Nothing happens for some plant types, and even the authors of this study said may. They had good reason to.
To quote from its abstract:
The consensus of many studies of the effects of elevated CO2 on plants is that the CO2 fertilization effect is real (see Kimball, 1983; Acock and Allen, 1985; Cure and Acock, 1986; Allen, 1990; Rozema et al., 1993; Allen, 1994; Allen and Amthor, 1995). However, the CO2 fertilization effect may not be manifested under conditions where some other growth factor is severely limiting, such as low temperature (Long, 1991). Also, plants grown in some conditions, where limitations of rooting volume (Arp, 1991), light, or other factors restrict growth, have not shown a sustained response to elevated CO2 (Kramer, 1981).
Note well that again they use the term may. This is because -- unlike you -- they seem to recognize that even though the effect is real and will have an impact in many locations and conditions, including those that generally hold in agriculture where one generally avoids growing plants in strongly resource constrained environments, one can certainly suppress the effect (or fail to observe it in the wild) in specific environments, and they go even further and note that the effect is differential according to plant type with some plant types more likely to exhibit a stronger response or be resource limited than others.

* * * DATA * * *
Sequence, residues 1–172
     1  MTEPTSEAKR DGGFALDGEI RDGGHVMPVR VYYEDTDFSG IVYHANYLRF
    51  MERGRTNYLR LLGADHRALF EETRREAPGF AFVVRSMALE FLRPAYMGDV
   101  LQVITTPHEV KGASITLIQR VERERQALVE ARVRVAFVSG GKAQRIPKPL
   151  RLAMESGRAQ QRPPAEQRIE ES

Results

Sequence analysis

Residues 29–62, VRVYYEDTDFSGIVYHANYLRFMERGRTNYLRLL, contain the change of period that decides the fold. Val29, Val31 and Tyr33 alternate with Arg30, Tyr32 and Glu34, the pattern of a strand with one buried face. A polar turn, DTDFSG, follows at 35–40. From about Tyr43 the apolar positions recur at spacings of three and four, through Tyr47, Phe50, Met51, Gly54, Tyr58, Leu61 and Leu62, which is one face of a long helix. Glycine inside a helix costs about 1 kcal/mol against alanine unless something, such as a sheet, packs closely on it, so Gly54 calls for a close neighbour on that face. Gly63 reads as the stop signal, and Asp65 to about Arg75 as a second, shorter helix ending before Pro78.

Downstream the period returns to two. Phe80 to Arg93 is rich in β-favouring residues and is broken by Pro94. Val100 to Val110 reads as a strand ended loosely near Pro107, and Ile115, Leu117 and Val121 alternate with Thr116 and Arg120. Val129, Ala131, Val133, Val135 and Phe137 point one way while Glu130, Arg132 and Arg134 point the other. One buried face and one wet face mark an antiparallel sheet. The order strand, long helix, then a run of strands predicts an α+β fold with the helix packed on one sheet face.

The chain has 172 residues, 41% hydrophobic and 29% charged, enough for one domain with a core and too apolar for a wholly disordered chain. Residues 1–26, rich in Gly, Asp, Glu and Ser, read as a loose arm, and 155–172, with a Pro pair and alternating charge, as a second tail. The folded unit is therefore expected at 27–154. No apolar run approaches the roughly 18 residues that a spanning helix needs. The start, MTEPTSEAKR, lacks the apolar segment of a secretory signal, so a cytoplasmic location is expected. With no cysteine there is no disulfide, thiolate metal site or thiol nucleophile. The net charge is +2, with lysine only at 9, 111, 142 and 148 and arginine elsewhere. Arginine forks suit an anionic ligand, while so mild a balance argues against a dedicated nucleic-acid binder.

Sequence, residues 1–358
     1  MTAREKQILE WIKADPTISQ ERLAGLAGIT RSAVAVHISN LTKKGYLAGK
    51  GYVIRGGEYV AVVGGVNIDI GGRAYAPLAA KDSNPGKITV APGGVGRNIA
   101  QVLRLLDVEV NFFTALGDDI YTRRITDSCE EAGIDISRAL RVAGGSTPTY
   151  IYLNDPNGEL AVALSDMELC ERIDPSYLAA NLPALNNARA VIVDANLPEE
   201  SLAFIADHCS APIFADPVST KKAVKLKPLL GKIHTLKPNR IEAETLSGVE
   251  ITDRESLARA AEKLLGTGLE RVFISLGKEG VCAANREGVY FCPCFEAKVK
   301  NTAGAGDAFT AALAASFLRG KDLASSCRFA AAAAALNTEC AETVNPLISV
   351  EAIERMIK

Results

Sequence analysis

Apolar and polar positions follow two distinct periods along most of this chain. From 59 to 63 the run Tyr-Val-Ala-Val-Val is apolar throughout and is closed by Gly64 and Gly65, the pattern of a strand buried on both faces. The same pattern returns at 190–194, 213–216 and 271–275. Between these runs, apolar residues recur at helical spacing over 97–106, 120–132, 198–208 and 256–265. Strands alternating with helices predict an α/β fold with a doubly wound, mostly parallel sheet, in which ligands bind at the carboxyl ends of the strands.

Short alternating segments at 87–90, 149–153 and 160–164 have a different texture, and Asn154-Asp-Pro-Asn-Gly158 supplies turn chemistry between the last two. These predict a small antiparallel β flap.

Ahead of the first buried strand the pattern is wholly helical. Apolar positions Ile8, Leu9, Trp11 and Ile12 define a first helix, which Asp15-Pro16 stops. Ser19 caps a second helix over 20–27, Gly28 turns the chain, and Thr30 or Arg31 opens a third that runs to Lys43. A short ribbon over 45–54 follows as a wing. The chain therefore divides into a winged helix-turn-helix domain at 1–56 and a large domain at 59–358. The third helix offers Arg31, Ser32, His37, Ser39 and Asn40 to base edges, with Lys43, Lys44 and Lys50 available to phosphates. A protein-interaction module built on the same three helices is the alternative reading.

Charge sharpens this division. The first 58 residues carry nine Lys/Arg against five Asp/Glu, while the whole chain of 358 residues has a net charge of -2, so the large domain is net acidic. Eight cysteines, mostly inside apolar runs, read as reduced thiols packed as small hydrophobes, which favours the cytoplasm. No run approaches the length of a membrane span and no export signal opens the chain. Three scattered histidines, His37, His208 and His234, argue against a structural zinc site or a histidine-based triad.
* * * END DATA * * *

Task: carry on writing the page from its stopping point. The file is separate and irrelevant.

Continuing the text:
The bulk of this report simply works through specific food crop species and estimates their likely response to a mix of increased CO2 and the imagined climate changes that are predicted, or projected, or prophecied (as you wish) by the GCMs that so far haven't done a very good job of PP or P-ing the climate.
You would obviously like more papers:
(Abstract: Satellite observations reveal a greening of the globe over recent decades. The role in this greening of the “CO2 fertilization” effect—the enhancement of photosynthesis due to rising CO2 levels—is yet to be established. The direct CO2 effect on vegetation should be most clearly expressed in warm, arid environments where water is the dominant limit to vegetation growth. Using gas exchange theory, we predict that the 14% increase in atmospheric CO2 (1982–2010) led to a 5 to 10% increase in green foliage cover in warm, arid environments. Satellite observations, analyzed to remove the effect of variations in precipitation, show that cover across these environments has increased by 11%. Our results confirm that the anticipated CO2 fertilization effect is occurring alongside ongoing anthropogenic perturbations to the carbon cycle and that the fertilization effect is now a significant land surface process.)
Probably the best review article on the effect on trees, in particular, is this: